These strategic objectives apply to all levels of an organization, though they may differ in nature depending on what level. However, their impact remains the same. For example, corporate-level strategic objectives are more broad. Something like “Improve Customer Satisfaction.”
The departmental level, on the other hand, would be more specific. Something along the lines of “Improve customer satisfaction by improving customer contact.”
At the individual level, strategic objectives are even more specific. For example, “Improve customer satisfaction by spending 30% more time on the customer section of the website.”
In the above example, there has been an assumption that spending more time on the customer section of the website will lead to improvements and bolster customer satisfaction. While this may be a valid assumption, it does raise the question of how you might measure success in this case. There must be a relationship between spending time on the website and improved customer satisfaction. But how do you measure that? In order to do that you need to create meaningful Key Performance Indicators.

Key Performance Indicators

Once the scorecard has been created, input into the card comes in the form of Performance Measures. At Snowball (and in many other places) we refer to these as Key Performance Indicators, or KPIs.
If the business was an airplane, the KPIs would be the dials in the cockpit. They provide the information that the business requires to know whether it is on track and performing well.
One mistake that many organizations make is in confusing KPIs with operational measures. That’s because many companies believe that everything should be analyzed, measured, and reported on. However, a KPI is a KEY performance indicator. That is, one of a small number of measurements designed to reduce organizational complexity and turn it into something that can be easily understood and acted upon quickly.
When creating KPIs, there should be relatively few and they should focus on a small number of things. That allows for a structure to be put in place to influence behaviors and outcomes and avoids creating a scenario of diminishing returns.
“If your strategy has 3 objectives you will succeed in all 3, if it has 4-10 objectives you will succeed in 1-2, if it contains more than 10 objectives you will succeed in none.”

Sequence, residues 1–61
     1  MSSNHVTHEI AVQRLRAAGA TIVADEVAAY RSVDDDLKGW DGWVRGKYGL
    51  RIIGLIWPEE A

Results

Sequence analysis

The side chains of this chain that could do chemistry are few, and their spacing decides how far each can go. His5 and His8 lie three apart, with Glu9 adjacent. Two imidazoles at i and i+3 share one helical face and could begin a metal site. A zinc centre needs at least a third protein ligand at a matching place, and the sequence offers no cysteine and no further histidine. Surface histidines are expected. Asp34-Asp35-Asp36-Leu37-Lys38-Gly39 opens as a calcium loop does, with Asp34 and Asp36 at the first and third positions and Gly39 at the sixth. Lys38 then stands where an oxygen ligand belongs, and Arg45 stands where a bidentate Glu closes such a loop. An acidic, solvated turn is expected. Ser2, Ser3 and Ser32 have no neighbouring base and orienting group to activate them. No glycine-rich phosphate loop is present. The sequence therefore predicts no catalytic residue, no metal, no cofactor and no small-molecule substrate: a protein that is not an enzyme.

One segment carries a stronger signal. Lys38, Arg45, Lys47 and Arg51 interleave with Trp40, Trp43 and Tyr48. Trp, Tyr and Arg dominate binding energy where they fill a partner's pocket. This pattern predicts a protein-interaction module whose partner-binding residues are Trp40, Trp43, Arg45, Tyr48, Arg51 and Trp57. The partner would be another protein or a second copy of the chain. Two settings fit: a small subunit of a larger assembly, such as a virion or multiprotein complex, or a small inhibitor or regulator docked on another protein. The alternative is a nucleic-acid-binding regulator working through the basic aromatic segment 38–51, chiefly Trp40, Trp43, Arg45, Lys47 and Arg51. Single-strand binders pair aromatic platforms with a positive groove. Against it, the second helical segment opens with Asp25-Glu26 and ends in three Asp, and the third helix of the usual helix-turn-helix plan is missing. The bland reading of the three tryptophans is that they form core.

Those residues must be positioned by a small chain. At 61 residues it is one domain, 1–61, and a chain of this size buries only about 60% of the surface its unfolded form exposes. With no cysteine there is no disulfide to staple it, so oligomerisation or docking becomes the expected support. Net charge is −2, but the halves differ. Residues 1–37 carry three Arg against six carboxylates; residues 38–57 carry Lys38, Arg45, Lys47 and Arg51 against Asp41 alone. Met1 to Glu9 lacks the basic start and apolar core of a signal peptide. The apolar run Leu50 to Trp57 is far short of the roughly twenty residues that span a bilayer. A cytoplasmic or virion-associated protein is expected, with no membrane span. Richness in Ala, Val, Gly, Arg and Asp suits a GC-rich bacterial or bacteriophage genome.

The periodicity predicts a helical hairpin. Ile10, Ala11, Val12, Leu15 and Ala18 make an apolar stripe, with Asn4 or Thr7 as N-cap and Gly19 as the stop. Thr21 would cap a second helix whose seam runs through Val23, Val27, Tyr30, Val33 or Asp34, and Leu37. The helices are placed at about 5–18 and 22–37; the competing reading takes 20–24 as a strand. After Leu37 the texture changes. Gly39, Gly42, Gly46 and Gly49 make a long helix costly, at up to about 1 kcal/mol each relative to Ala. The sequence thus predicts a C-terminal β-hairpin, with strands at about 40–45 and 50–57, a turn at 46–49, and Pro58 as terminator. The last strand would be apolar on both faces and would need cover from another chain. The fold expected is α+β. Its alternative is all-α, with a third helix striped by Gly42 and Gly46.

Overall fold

- Business strategy consultant Franklin Covey
It’s important that KPIs contain both leading and lagging measures. Most strategic plans concentrate on lagging measures because they are usually accurate and easy to implement. If your cat is fat, before you can help them lose weight you have to put them on a scale. But the scale is a lagging indicator. A leading indicator would be to look at the nutrients they’re getting from their food and how much exercise they’re getting.
Leading indicators are harder to identify but they are usually the only measurements that can be influenced before their impact is felt.
Creating And Connecting To The Scorecard
The Balanced Scorecard is a framework that manages strategy by linking the company’s MVV to strategic priorities, objectives, measurements, and initiatives. Financial measures are informed by other objectives and KPIs related to customers, internal business processes, and innovation and learning (sometimes called capacity). The BSC provides companies with an overall view of their performance.
It is a framework that takes time to implement though many businesses find it useful to begin with a rapid implementation approach. This view sees the Scorecard as an iterative process and ensures that projects maintain momentum.
The ultimate goal is to connect all employees to the company’s Strateigic Objectives through individual or group measures. This almost always requires a software tool to engage employees efficiently.

Implementing The Balanced Scorecard

The simplest way to begin implement the BSC methodology is through specific focus areas. This involves basing your entire strategic plan around the Balanced Scorecard, with each of the four Perspectives as one strategic Focus Area.
In the document below, you will notice the four Perspectives listed along the side. Along the top are objectives, Begin by listing the four Perspectives, then add objectives, projects, KPIs, and initiatives along the top.
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The benefit of this implementation method is that it states clearly that the company’s strategy is defined around the BSC methodology and it helps create understanding of the methodology throughout your organization.